Saturday, 11 June 2011

Secret Six: We hardly knew ye

It's maybe not the most surprising omission from the DC reboot's September titles (that honour probably goes to the JSA - and all the Golden Age characters...) but it's the one that has had the biggest affect on me. Gail Simone's brilliant Secret Six has been cancelled. So allow me to take a moment to eulogise my favourite comic (and, as a long-standing Bat-family fan, that's a big statement for me to make). The Secret Six formed in 2005 in Villains United, a mini-series during Infinite Crisis, and led to a Secret Six limited series in 2006, before finally getting an ongoing in 2008. There have been changes to the team over that time (Knockout, Mad Hatter, Harlequin) but they soon settled on the dream team of Scandal Savage, Catman, Deadshot, Ragdoll, Bane and Jeanette. Like the team themselves, Secret Six was the outsider at DC, out of place alongside black-and-white heroes and villains, but always managing to scrape through and triumph when, by all rights, it should have been cancelled a long time ago. It's hardly family friendly, it repaid the long-term rather than casual reader, and never sold huge numbers. But it was critically acclaimed by anyone who ever picked it up and many comics creators named it as a favourite. It survived beyond its natural shelf-life by sheer talent. It was one of the best books DC was putting out with as passionate a fanbase as any title could ask for.

Secret Six's unlikely survival thus far led fans to hope it would live to fight (and bicker, and kill, and dress up monkeys) another day after Flashpoint. But sadly it was not to be. I understand why. But my initial reaction was still FUCK YOU DC!!

But on reflection, sometimes it's best to have something short and sweet. This way we fans get a perfect contained series, with closure, steered the whole way by Simone. I would have hated to see the Six palmed off on another writer, as I doubt anyone else could acheive Simone's twisted balance of humour, hyper-violence and pathos. No other writer would have even considered giving wacky psycho Ragdoll a heroic moment, rising to his full height and standing up to Deadshot, or of developing an odd father-daughter relationship between Scandal and Bane.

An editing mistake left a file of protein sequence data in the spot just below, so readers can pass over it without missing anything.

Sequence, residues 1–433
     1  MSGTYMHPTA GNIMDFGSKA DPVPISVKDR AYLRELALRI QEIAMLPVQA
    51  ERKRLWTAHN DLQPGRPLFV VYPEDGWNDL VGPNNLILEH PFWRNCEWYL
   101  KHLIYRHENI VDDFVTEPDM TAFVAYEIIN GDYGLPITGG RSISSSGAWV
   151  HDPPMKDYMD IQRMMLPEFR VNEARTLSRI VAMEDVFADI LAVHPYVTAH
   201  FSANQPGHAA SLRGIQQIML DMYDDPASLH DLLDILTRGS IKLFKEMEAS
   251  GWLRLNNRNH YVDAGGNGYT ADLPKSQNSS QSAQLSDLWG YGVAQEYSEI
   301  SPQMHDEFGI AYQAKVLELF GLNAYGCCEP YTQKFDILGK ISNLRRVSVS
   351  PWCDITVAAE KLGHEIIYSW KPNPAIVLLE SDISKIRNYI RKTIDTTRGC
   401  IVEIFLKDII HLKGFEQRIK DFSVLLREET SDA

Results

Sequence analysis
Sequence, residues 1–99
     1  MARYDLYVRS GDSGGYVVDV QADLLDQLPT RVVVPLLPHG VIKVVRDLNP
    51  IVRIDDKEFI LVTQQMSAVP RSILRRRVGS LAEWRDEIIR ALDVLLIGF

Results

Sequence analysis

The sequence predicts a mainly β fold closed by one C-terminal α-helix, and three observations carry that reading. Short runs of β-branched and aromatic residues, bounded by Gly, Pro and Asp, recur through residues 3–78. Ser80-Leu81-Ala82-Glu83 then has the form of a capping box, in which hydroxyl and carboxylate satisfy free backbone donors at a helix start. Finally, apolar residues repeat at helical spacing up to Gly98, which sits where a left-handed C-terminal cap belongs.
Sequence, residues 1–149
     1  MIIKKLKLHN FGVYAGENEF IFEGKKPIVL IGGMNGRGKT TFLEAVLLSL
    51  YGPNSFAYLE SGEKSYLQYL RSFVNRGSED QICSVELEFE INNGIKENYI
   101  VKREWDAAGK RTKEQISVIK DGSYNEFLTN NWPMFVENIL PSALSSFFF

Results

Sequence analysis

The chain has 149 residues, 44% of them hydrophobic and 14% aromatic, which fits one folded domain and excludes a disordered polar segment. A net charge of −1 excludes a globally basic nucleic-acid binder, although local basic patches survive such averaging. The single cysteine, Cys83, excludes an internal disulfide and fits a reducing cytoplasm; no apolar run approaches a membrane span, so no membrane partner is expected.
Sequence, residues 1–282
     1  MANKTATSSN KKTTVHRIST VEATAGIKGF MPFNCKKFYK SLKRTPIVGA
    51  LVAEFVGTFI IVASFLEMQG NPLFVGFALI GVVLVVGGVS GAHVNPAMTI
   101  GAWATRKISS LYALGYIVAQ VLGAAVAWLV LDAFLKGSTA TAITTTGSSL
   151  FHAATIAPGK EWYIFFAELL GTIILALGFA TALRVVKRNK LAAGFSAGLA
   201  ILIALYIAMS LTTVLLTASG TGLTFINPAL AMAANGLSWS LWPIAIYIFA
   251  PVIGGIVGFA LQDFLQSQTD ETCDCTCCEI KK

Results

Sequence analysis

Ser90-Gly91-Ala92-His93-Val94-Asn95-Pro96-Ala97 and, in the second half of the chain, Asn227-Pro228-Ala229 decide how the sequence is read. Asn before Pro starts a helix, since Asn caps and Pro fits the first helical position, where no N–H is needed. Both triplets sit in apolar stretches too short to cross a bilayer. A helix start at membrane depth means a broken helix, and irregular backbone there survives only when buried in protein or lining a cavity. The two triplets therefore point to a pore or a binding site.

And let's not forget the artists, with especially Nicola Scott and J. Calafiore capturing the characters and the dynamics of the books perfectly. And those covers are works of art. But hey, I'm a writer myself, I can't help but praise them higher than the artist.

Much has been made of what Secret Six did for LGBT fans and female fans. The team leader Scandal, is a lesbian, Ragdoll is a eunuch, Jeanette is a strong enough lady to actually bring down Wonder Woman, Catman is hunkified in a way usually reserved soley for Dick Grayson, and, of course, we can't forget the slash-friendly bromance between Catman and Deadshot.
But it seems wrong to praise the series for its political agenda, because I don't think it had one. It's not populated with LGBT characters - it's populated with good ones. Deadshot was the only character with any real credibility when the series first started. Catman was a joke and Bane was a fairly one-note villain. Simone made them better than they'd ever been. Ever. Which, admittedly, in Catman's case wasn't hard. But who would have guessed that he'd work so well with Deadshot, or that by the time of the Cats in the Cradle arc he'd be an utterly believable bad-ass, someone who, had it not been for defining events in childhood, could have actually been the hero he always wanted to be. His dying line in the brilliantly bonkers Western one-shot was just so perfect, coming as it did directly after the conclusion to Cats in the Cradle.

The new characters have also made an impressive enough impact to, hopefully, survive in the DCU outside of the comic that spawned them. Ragdoll is probably the weirdest character ever to grace the pages of a mainstream comic book (see his musings on slavery/butterflies). Jeanette's reveal as a Banshee was genius. And as for Scandal Savage, the immortal estranged daughter of Vandal Savage, she's probably the best of the bunch. She's come a long way from the emotionally-detached, strait-laced coordinator she was in Villains United. Now Scandal is just as likely to lead with her heart as Catman is, making Jeanette and Bane, of all people, the level-headed team members. The four core members - Scandal, Catman, Deadshot and Ragdoll - are as believable as any fictional family.

I, like many other comic readers, could easily have missed Secret Six altogether. Luckily, someone at my local library is a massive Six fan. My library doesn't have a single Batman trade post-2008, but it somehow has every trade of Secret Six. So, thank you whoever it is that keeps ordering them in - you introduced me to the only team of villains I've ever cheered for, the ultimate DC underdogs, mercenaries with hearts (yes, even Deadshot), funny and dark and tragic. If you haven't read it yet, go out and pick up Villains United or Six Degrees of Devestation. You'll owe me one.

I look forward to seeing how Simone wraps the series up - I'm sure it'll be the perfect ending for the comic that brought me Ragdoll in Wonder Woman's boots and the line "our secret weapon is a hat junkie".

Thanks for the memories, Gail! And fuck you DC. Okay, maybe I'm still working out my anger issues on this one.

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